A few days ago, I wrote [here] about the requirement of Matthew 6:12 that we forgive, as we have been forgiven. And then, a few days after that I wrote [here] about the requirement in Matthew 5:23-24, that we affirmatively seek out those whom we have wronged and ask for their forgiveness. When read together, the effect of these two passages is even more striking than either one read alone.
It seems to me that if making an affirmative apology is on one end of the stick, and extending affirmative forgiveness is on the other end of the stick, then we are left with no excuses on our end:
- We apologize without regard to whether the Other will forgive us.
- We forgive without regard to whether the Other will apologize to us.
Taken together these mutual requirements deprive us of any excuses. Read jointly, these scriptures disallow us from imposing legalistic conditions on either our acts of apology or our act of forgiveness.
This is in sharp contrast to the legal principles of condition precedent and condition subsequent I learned in first year contracts class in law school. According to the Restatement of Contracts § 250, a condition precedent is a condition which must exist or occur before a duty of immediate performance of a promise arises. A condition subsequent, on the other hand, is a condition, the happening of which "will extinguish a duty that would otherwise exist under the contract.
I love contract law. It’s so logical, and it all fits together like a puzzle. If A, then B. If not A, then not B. When in doubt, pull out the rule book and plug the facts into the formula. He did A, therefore I have to do B. He didn't do A, then I don't have to do B. Problem solved.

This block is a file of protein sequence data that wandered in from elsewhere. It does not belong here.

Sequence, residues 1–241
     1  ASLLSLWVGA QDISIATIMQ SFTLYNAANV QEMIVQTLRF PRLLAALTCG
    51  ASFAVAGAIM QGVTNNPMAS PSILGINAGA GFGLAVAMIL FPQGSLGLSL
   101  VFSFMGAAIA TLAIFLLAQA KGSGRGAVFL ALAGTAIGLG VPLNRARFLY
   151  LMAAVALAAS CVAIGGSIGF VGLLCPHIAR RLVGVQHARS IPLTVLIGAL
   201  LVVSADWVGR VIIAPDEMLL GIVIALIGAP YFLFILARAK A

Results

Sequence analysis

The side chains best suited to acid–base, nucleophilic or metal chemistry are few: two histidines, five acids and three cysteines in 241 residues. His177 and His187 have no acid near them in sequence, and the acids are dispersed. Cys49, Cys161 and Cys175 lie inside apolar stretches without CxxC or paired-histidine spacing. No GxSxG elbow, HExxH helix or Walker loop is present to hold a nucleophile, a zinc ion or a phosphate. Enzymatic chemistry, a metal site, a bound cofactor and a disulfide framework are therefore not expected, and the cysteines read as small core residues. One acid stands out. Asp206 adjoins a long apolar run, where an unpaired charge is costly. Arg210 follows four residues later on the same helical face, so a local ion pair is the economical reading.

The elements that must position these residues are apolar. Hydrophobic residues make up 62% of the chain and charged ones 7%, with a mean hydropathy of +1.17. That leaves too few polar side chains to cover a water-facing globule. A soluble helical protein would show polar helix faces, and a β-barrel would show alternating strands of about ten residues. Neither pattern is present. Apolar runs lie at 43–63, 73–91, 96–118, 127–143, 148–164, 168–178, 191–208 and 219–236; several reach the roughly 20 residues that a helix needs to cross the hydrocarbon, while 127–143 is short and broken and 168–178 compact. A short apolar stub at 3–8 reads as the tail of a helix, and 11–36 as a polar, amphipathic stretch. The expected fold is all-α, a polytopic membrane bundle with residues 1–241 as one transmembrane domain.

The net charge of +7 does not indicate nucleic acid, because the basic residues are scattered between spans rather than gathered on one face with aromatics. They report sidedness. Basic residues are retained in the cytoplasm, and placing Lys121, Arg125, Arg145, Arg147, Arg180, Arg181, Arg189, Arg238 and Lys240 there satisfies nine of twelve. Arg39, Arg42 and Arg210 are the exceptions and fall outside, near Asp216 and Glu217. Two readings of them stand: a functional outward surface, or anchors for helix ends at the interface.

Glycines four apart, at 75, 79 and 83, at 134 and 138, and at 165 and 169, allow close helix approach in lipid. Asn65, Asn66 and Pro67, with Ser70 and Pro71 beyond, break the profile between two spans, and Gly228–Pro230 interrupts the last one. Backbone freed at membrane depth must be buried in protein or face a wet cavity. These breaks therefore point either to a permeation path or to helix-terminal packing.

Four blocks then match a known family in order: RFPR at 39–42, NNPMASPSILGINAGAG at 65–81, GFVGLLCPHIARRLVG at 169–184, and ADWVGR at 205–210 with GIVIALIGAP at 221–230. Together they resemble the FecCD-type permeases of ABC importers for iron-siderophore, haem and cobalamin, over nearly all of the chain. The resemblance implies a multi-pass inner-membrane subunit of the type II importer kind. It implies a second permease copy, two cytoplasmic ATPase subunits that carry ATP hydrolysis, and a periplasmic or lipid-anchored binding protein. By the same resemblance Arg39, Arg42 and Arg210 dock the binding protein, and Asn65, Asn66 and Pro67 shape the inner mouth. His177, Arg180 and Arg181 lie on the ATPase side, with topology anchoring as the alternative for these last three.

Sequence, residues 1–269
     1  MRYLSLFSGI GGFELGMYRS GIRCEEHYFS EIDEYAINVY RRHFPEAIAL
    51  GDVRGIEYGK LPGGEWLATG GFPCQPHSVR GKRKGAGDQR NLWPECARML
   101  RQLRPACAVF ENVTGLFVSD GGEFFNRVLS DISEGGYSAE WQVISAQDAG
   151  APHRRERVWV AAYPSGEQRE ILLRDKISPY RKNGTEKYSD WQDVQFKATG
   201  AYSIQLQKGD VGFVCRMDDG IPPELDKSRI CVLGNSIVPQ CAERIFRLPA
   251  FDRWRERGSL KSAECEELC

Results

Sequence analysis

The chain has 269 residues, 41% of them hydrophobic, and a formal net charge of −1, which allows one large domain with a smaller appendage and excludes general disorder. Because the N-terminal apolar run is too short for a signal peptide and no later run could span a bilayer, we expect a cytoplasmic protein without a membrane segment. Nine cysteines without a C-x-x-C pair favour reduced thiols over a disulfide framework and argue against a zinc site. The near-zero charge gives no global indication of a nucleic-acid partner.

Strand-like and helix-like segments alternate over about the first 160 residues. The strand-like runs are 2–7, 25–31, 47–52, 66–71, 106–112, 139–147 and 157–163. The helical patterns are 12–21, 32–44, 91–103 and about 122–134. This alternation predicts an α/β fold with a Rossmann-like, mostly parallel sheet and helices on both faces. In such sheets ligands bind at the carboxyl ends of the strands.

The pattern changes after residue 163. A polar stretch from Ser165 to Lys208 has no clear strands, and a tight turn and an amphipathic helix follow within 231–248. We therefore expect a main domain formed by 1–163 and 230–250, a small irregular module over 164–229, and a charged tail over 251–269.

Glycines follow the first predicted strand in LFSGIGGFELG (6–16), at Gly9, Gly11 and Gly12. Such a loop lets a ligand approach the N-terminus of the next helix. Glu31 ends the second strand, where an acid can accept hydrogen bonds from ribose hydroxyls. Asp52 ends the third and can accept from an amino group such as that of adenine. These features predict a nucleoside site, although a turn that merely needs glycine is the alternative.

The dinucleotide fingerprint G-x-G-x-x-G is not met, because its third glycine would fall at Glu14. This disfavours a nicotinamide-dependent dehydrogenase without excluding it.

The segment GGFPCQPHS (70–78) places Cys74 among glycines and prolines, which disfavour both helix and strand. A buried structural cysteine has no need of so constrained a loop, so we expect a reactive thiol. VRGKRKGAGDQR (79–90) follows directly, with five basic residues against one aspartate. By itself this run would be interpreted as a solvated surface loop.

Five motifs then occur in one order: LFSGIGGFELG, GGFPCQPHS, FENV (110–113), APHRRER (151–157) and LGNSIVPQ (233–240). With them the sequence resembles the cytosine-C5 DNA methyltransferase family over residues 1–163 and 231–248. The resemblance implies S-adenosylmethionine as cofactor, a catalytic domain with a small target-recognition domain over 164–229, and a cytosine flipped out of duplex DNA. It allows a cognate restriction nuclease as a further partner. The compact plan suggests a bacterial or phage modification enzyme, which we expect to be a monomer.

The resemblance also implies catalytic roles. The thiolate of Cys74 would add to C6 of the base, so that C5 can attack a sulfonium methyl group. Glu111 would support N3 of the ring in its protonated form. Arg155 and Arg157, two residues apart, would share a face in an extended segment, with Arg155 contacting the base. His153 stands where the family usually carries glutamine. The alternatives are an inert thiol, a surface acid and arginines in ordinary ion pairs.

We legalistic humans would like our duty of apology or of forgiveness to be like a formula to which we could apply one of these conditions. We want our duties to be logical and according to our rules. We don’t want to have to extend forgiveness unless the other person apologizes first (condition precedent). Or, we think that maybe we have a duty to forgive, except maybe we can get out of the requirement because the other person didn’t apologize (condition subsequent).
To our chagrin, in God’s law of love, no such legalistic rules apply. God’s love for us is not logical, it’s unconditional. As is amply demonstrated by the Parable of the Unforgiving Servant in Matthew 18:21--35, God requires that we forgive. Period. We may not impose conditions on either our seeking of forgiveness or our act of forgiveness.
I will be the first to admit that this forgiveness does not seem humanly possible. Perhaps it is not, indeed. Perhaps, in matters of forgiveness, we must rely on the Grace of God.